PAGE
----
My friend and I “mountain trekked” that day. He mountain trekked his fear of heights and walking off the paved trail. We mountain trekked becoming friends. We mountain trekked leaving our hometowns. We mountain trekked our master’s programs. It will be interesting to see what is mountain trekked next.

What goal or obstacle are you looking to mountain trek? My encouragement is for you to keep your eyes on your path, whatever that may be – or you may need to leave your comfortable path! Whatever it may be, share your concerns and passions with the Lord and trust. Maybe you need to do something for yourself. Maybe you need to seek a friend to help you along your journey. Whatever it is, you may be able to share your mountain trek one day.

Now, what is YOUR first step?

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More about David Butler:

David Butler joined Strategic Educational Alliances in February 2014 and served as a Grand Canyon University (GCU) Learning Advocate (LEAD). He worked with local high school students throughout the Canyon Corridor to create fun and engaging learning opportunities. In May 2015, David joined the student development and outreach leadership team to serve as a coordinator. He has worked closely with many of the university’s Canyon Christian School Consortium (CCSC) scholarship students to meet the necessary service hour requirements at the GCU Learning Lounge. David began his collegiate journey at Mt. Hood Community College (MHCC) in Gresham, Oregon. During his two years at MHCC, he served in the Student Outreach and Recruitment (SOAR) office as a SOAR leader. During his time at the college, he also gained experience as a manager for a movie theater company. Upon the completion of his associate degree in business, he transferred to GCU in fall 2013. In April 2015, David completed his bachelor’s degree in business management with a 4.0 GPA. David currently lives in Phoenix and enjoys playing soccer, going on hikes and spending time with loved ones.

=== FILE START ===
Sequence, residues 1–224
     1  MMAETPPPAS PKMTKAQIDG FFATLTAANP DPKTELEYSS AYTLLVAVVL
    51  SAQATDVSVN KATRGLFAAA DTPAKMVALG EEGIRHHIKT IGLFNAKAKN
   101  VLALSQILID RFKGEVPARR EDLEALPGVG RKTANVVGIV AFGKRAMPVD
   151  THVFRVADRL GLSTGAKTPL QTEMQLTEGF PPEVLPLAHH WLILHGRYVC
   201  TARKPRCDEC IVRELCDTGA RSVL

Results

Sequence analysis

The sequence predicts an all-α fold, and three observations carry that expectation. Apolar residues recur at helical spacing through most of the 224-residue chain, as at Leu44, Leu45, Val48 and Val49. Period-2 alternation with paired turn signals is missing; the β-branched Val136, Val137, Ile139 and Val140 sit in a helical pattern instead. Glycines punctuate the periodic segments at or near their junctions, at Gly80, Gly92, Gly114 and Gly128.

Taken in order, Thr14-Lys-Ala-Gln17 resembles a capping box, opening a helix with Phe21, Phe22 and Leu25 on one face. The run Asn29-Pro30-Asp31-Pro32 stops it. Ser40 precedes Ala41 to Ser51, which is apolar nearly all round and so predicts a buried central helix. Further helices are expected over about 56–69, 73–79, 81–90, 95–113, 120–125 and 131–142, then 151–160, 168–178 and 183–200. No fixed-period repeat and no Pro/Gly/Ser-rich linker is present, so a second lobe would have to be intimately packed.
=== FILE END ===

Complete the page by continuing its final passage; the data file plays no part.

The views and opinions expressed in this article are those of the author’s and do not necessarily reflect the official policy or position of Grand Canyon University. Any sources cited were accurate as of the publish date.